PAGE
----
* * *

But all these political, humanitarian and media contacts pale next to the vastness of business collaborations. Millions of people worldwide were involved in Russian money for over a decade. After all, so-called capital flight occurred on a massive scale. This capital was then partly reinvested in Russia through offshores, and partly spent on buying various kinds infrastructure outside of Russia (firms, shares in businesses, real estate, yachts, etc.). This entire giant machine for circulating the Putin corporate state’s money was serviced by millions of people as counterparties, including lawyers, dealmakers of various shapes and sizes, politicians, MPs, movie stars, cultural figures, translators, and so on.

The outcome, when Crimea happened, was a huge spontaneous lobby. This doesn’t mean all these people had literally been bought off, to describe the process in terms of the battle against corruption. People simply “cooperated” and received various bonuses from this cooperation. It is not a matter of recruitment, but a psychological phenomenon. Any of us, having once received money from a rich childhood friend, even if we are critical towards him, would still remain publicly loyal to him. Would you want to shout to the heavens about the atrocities of a man thanks to whom, say, you had earned enough money to buy a new house? You would just keep your lips sealed.

* * *

In other words, for around ten years, beginning approximately in 2004, after the takeover of Yukos, the Russian economy “warmed up” foreign strata whose scale is hard to evaluate. It was not a matter of corruption in the narrow sense of the word. Of course, on their part it was regarded as economic cooperation with a peculiar type of “eastern” economy that involved “pats on the back,” kickbacks, exchanges of various bonuses and preferences, trips to the banya, hunting for wild sheep from helicopters, and so on. But it was not criminal. On their part, it was indulged as a “peculiarity.” Russia is hardly the only economy marked by these ways. It was a partnership in the primary sense. The world’s major companies opened offices and production facilities in Russia. Until recently, it was a privileged economy, included in the BRICS grouping.

Crimea turned all the fruits of this decade-long warming-up into a problem. It is obvious Putin used Crimea to implement an instantaneous mobilization amongst those involved in the partnership. He confronted all the partners with the need to define themselves. Putin’s use of the word “partners,” which he pronounces ironically, has often been thought to relate to the diplomatic lexicon. But in fact Putin has in mind other partners, the millions of people who have received big bonuses for dealing with Russian contracts, Russian money, and various undertakings with Russians for a decade.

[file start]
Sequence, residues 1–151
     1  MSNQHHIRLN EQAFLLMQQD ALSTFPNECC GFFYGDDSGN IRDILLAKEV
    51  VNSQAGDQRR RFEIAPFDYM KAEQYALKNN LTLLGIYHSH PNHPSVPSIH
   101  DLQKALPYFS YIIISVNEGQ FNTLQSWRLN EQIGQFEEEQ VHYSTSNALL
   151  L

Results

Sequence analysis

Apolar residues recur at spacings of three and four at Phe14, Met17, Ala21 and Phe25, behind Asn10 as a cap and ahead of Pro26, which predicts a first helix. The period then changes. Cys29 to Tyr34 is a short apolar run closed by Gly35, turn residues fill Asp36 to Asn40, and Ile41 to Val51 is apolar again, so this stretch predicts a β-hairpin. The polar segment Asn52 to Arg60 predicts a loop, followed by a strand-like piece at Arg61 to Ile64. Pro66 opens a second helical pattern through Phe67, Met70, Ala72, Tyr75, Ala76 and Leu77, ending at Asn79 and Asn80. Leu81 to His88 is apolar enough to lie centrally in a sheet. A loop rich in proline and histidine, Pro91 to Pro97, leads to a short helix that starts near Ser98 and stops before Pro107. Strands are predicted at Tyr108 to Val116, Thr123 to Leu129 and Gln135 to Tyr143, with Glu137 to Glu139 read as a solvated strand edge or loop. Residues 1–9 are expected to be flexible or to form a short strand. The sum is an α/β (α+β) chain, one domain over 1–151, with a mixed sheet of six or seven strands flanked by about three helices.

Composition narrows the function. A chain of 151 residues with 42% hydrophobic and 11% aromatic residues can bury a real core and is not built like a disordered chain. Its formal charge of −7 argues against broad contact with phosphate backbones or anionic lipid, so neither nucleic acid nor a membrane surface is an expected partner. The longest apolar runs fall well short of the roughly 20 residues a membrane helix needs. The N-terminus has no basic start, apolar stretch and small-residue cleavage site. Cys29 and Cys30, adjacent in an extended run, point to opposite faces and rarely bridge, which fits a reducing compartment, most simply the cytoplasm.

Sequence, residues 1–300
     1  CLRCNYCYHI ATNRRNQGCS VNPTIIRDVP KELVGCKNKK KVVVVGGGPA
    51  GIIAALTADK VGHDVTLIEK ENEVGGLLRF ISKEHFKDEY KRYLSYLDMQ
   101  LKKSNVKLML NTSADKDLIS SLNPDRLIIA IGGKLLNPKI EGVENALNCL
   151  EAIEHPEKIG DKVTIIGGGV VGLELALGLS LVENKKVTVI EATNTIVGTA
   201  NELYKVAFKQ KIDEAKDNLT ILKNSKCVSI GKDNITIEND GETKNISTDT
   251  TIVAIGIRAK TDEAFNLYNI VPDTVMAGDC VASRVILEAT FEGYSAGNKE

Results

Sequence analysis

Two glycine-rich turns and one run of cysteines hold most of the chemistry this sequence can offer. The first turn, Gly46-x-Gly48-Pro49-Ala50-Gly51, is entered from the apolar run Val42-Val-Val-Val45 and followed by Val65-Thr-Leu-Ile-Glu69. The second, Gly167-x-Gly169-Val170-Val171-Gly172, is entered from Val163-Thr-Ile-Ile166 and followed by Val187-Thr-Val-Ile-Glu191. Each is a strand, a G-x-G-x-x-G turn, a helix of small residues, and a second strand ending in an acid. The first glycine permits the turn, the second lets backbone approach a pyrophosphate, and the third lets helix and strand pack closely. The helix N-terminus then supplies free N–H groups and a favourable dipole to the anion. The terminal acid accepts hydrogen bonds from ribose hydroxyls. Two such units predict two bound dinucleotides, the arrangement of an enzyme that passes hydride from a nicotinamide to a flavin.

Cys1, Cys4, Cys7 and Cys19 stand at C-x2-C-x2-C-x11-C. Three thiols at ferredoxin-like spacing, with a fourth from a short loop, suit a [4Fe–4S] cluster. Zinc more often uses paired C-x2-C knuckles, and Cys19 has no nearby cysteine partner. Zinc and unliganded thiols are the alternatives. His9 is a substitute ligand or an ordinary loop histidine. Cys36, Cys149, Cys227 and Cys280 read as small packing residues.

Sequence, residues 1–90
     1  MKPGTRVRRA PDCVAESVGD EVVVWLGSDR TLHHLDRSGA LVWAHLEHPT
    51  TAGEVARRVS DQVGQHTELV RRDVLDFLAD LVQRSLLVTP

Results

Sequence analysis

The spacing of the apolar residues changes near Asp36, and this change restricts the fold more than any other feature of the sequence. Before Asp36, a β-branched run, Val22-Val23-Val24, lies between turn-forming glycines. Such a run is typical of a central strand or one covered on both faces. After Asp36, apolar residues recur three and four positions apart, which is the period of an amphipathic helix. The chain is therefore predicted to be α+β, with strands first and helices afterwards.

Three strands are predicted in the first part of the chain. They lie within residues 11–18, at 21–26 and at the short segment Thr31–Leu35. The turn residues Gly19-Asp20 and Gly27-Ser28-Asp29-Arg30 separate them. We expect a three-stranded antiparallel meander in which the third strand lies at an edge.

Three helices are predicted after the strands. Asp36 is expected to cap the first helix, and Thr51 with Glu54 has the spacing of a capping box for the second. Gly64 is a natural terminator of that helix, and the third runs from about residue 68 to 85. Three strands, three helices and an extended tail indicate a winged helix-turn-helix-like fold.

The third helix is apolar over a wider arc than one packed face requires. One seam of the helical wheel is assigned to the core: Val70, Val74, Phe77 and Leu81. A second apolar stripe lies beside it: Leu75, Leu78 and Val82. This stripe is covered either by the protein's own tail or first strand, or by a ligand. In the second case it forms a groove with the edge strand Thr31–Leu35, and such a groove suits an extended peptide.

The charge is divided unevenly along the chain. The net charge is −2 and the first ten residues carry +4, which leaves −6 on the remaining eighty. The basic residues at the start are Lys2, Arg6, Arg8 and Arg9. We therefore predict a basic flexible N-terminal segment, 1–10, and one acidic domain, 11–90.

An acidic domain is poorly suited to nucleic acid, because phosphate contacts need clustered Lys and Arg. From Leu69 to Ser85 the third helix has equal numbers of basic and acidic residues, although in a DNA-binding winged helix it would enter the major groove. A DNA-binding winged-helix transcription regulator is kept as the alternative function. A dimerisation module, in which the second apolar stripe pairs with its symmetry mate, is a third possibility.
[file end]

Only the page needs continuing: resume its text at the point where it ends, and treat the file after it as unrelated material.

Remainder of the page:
* * *

Now these partners have big problems, and we must sadly note that the problems are not due to Crimea as such nor to the regime of sanctions and countersanctions, nor to the ambivalence of having been involved in toxic projects with Russians in the past.  The problems lies entirely in the fact that Putin does not want to stop.

This entire massive milieu would sigh in relief if it found out that Putin had “transferred the title to himself” (i.e., focused on Crimea) and called it a day.

But the extreme ambiguity has been maintained and even intensified from 2014 to 2017. It was not Putin who shot down Malaysia Airlines Flight 17, but folks mobilized by Malofeev. It was not Putin who murdered Nemtsov, but Chechen security officials. It was not Putin who hacked the Democratic Party’s servers, but volunteer hackers, who maybe were Russians or maybe not, but they used Russian servers. The attempted coup in Montenegro was not orchestrated by Putin, but by persons unknown. It was not Putin who plotted to destroy Ukraine as a country and establish Novorossiya, but, say, Sergei Glazyev. The pro-Russian rallies in European countries were organized not by Putin, but by a guy named Usovsky, who raised money for the purpose from patriotic Russian businessmen. And so on.